From the first to sixth centuries CE, the liturgical poetry of the synagogue in Palestine evolved from a set of prosodic forms used by lay prayer leaders to a highly developed literary corpus known as piyyut, composed by professional poets.  These composers produced hundreds of compositions based on the weekly lectionary reading, employing recondite vocabulary and allusions, complex prosodic structures, and often signed their names in acrostics. They also formed a religious class independent of the rabbinic movement and may have represented the interests of a priestly sector of Jewish society after the destruction of the Temple. This paper will discuss indications of how synagogue poets saw themselves as masters of religious expertise representing a congregation, focusing on the rhetoric of early piyyut and attestations to its use in the early synagogue.  It will draw on recent research on scribal and authorial practices, such as and the markings of guild organization and behavior to examine such features of this literature as ideal figures and chains of tradition, and deictic forms in poetry that point to the professional role of the liturgical functionary.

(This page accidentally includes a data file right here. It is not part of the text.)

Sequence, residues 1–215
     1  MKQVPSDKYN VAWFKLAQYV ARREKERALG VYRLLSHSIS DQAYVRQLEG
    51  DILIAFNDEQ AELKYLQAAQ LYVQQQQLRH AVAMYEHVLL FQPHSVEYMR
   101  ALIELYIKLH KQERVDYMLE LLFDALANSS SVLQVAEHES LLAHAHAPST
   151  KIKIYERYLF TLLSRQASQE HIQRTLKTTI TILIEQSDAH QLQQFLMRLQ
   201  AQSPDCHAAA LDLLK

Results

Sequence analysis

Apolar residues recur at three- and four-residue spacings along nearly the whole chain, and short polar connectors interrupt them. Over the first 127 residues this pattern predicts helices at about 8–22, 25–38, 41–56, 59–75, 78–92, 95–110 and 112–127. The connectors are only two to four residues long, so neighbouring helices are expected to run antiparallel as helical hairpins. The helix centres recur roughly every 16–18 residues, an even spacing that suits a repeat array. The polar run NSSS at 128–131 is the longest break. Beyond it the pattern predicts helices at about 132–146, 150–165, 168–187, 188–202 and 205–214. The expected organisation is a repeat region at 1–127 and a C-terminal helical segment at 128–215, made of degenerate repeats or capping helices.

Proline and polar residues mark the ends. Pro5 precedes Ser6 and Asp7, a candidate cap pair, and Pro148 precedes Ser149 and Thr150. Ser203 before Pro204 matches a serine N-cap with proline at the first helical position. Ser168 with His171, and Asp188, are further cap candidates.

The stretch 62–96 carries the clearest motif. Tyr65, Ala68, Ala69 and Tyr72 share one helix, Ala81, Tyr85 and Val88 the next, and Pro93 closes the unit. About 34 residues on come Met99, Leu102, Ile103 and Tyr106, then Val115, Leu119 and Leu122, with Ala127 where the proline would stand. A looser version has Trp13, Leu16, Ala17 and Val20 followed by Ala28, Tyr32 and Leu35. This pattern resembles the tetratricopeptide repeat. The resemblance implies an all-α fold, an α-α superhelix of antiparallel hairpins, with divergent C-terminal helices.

IV.                Religious Innovation Gone Wrong

Valentino Gasparini: “Sex And The Duty. Chastity, Betrayals, Power Struggles And Other Intrigues Among Anubis’ Priests At The Dawn Of The Roman Empire” 
In Greek novels, such as Achilles Tatius’ Adventures of Leucippe and Clitophon and the Ephesian Tale of Anthia and Habrocomes by Xenophon of Ephesus, the worshippers of the Isiac deities are widely represented as paragons of virtue. The complaints of Augustan elegiac poets at being forced to spend nights alone, far from their pious muses (Ovid, A., III 9, 33-34; Prop., II 33, 1-6 and IV 5, 33-34; Tib. I 3, 23-32), are consistent with this image.